Women in Judaism Teresa Ruan Rel 150

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Women in Judaism Teresa Ruan Rel 150 by Mind Map: Women in Judaism  Teresa Ruan  Rel 150

1. The Role of Women in Judaism

1.1. In a Jewish household, the wife and mother is called in Hebrew akeret habayit. This means literally the “mainstay” of the home. It is she who largely determines the character and atmosphere of the entire home.

1.1.1. The role of women in traditional Judaism has been misrepresented or misunderstand through many different media, reports or some articles on internet. in fact, the position of women in halakhah, means Jewish Law, that dates back to the biblical period is in many ways better than the position of women under American civil law as recently as a century ago.

1.2. According to the traditional Judaism, women are endowed with a greater degree of "binah" including intuition, understanding, and intelligence than men. The rabbis inferred this from the fact that woman was "built" (Gen. 2:22) rather than "formed" (Gen. 2:7), and the Hebrew root of "build" has the same consonants as the word "binah." It has been said that the matriarchs (Sarah, Rebecca, Rachel and Leah) were superior to the patriarchs in prophecy.

1.2.1. Judaism has believe and continues to maintain that within its religious life men and women have distinct and differentiated roles. On the other hand, as a full participant in a modern and pluralist society, the Jew feels that he must respond to each movement of the moral consciousness of his times. He must welcome every advance, fight against each regression, and do his best to diagnose what he sees as confusion. His history and traditions provide him with a rich resource of moral debate, stretching backwards through the millennia. Equally, they breed in him a reluctance to retreat from a challenge, either from his own or from the wider community.

1.2.2. Women in Judaism have certain roles, specific duties and obligation. For instance, women are obligated to pray Shacharit and Mincha, the morning and afternoon prayers, respectively, when possible.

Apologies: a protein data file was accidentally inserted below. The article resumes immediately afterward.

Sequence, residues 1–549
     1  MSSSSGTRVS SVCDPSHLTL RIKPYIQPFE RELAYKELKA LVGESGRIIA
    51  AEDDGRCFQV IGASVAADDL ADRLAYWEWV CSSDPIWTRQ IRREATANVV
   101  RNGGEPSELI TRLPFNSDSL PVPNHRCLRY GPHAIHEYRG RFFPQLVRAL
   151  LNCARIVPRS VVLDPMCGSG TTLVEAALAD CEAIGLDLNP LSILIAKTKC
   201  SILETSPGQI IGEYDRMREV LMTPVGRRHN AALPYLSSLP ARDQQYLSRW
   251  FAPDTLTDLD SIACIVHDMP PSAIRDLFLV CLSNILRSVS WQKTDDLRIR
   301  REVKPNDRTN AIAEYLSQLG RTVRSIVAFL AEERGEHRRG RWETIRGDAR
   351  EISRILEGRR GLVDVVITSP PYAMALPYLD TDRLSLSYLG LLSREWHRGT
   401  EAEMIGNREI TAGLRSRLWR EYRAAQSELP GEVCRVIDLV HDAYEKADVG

2. Quick Fact

2.1. In Judaism, G-d means that it is a way of avoiding writing a name of G-d, to avoid the risk of the sin of erasing or defacing the Name. G–d in Judaism demands that a Jewish home. Every Jewish home should have a Jewish character, not only on Shabbat and the holidays, but also on the ordinary weekdays and in “weekday” matters. It must be a Jewish home in every respect.

3. Women’s Right

3.1. Women in Judaism are discouraged from pursuing higher education or religious pursuits but this seems to be primarily because women who engage in such pursuits might neglect their primary duties as wives and mothers. The rabbis are not concerned that women are not spiritual enough; rather they are concerned that women might become too spiritually devoted.

3.2. The rights of women in traditional Judaism are far greater than they were in the rest of Western civilization until the 20th century. Women had the right to buy, sell, and own their property. They could make their own contracts, rights which women in Western countries including America did not have until about 100 years ago. In fact, Proverbs 31:10-31, which is traditionally read at Jewish weddings, speaks repeatedly of business acumen as a trait to be prized in women.

3.3. Women in Judaism have the right to be consulted with regard to their marriage. Marital sex is regarded as the woman's right, and not the man's. Men do not have the right to beat or mistreat their wives, a right that was recognized by law in many Western countries until a few hundred years ago. Traditional Judaism recognizes that forced sexual relations within the context of marriage are rape and are not permitted. On the other side, in many states in the United States today, rape within marriage is still not a crime.

4. Quick Fact

4.1. What is Jewish?

4.1.1. Judaism is not a race because Jewish does not share one common ancestry. For example, Ashkenazi Jews and Sephardic Jews are both "Jewish." However, whereas Ashkenazi Jews often hail from Europe, Sephardic Jews often hail from the Middle East. People of many different races have become Jewish over the centuries.

4.1.2. Judaism is not a race because Jews do not share one common ancestry. For instance, Ashkenazi Jews and Sephardic Jews are both "Jewish." However, whereas Ashkenazi Jews often hail from Europe, Sephardic Jews often hail from the Middle East. People of many different races have become Jewish over the centuries.

5. Women's Education in Judaism

5.1. Jewish women's education is limited. They were taught to read, write, run a household. They were also given some education in religious law that was essential to their daily lives, such as keeping kosher.[23] Both Christian and Jewish girls were educated in the home. Although Christian girls may have had a male or female tutor, most Jewish girls had a female tutor. Higher learning was uncommon for both Christian and Jewish women.

5.2. They were educated enough to help their husband in business Jewish women were engaged in their own occupations as well as helping their husbands.

6. The End Thank you!!!

7. Quick Fact